I grew up around all women but one. I had no living uncles, no brothers, no living grandpas—it was aunties, grandma, and sisters. There was just one male. My dad. He (the poor soul) grew up around all women (after his dad died when my dad was 12). My poor dad. All women. Too many women. He grew up okay, don’t get me wrong, (he never was shy about buying tampons at the grocery store for us) but he desperately missed a male influence in his life. (He said that being drafted in the Army was the best thing that happened to him, because finally he had a lot of “brothers.”) His presence in my life has impacted how I related to men now. Without him, I’m sure I’d be okay, but his male influence in my life was a very good thing.

Not to say that there aren’t many wonderful families of many configurations that also are great and raise well-adjusted kids, but as generally, (all other things being equal) man + woman = good. (This combo can also be in the form of an uncle that is there very frequently or something like that too.)

A child “deserves” a loving, stable environment. Period. Everything else should be up for grabs, as long as that single condition is met.

I mean think about it: the child in question is still a human being. Would any adult human being be less of a person because they grew up in a “non-traditional” family, if that family–whatever its makeup–provided them with a solid foundation to base a life on?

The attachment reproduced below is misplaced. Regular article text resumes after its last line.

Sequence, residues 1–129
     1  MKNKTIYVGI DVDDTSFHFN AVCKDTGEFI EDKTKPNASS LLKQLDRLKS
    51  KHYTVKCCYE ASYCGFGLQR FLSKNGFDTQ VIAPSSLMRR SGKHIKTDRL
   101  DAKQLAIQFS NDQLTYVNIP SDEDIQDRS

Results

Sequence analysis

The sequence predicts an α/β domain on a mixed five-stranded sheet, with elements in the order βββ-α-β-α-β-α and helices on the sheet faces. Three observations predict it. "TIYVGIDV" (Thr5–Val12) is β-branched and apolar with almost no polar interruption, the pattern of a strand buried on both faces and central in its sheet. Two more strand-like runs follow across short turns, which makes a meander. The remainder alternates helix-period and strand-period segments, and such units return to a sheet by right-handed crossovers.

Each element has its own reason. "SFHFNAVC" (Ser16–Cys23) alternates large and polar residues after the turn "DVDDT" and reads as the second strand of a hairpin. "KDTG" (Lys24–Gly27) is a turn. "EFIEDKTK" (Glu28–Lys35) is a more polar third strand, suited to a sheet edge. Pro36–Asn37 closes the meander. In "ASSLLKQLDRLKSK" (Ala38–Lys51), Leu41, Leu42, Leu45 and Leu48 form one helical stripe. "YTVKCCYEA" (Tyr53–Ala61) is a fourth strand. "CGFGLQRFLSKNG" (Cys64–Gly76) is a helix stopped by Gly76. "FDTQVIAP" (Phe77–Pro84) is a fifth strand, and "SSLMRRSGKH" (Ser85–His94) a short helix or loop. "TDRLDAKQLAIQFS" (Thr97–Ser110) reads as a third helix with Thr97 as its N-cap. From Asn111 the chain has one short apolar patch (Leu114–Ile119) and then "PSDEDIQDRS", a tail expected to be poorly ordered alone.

Who are we to dictate how that goal–a solid foundation in childhood–is achieved, so long as it is achieved?

Only when such a goal is in danger should third parties be able to participate in the process.

sorry, meant to include this further thought:

My parents are both horrible people, but they were at their worst when they were together.

In clinging to some abstract arithemetic of parenting–One mother plus one father equals a stable family–you quite literally toss the baby out with the bathwater. It’s not the equation that matters, it’s the outcome.

All things being equal, I think it would be hard to argue that having a mom and a dad is the best situation for kids. The problem is, all things are rarely equal. I have to agree that a loving, stable environment trumps the gender issue.

The point of this thread is what’s best for the child. If it could somehow be proved that it were next to impossible for a child to grow up healthy and happy in such a situation, then yes, I wouldn’t have a problem with denying a single woman the chance of a child.

Personally, my feeling is pretty close to filmore’s. A loving (and safe, and nurturing) environment is most important. An argument I’ve heard, though, is that mothers and fathers give different kinds of love, and relate in different ways, and it’s necesary (or at least healthier) for a child to have both. There may be some truth to this, but I think differences between individuals weigh at least as heavily as gender differences between mothers and fathers.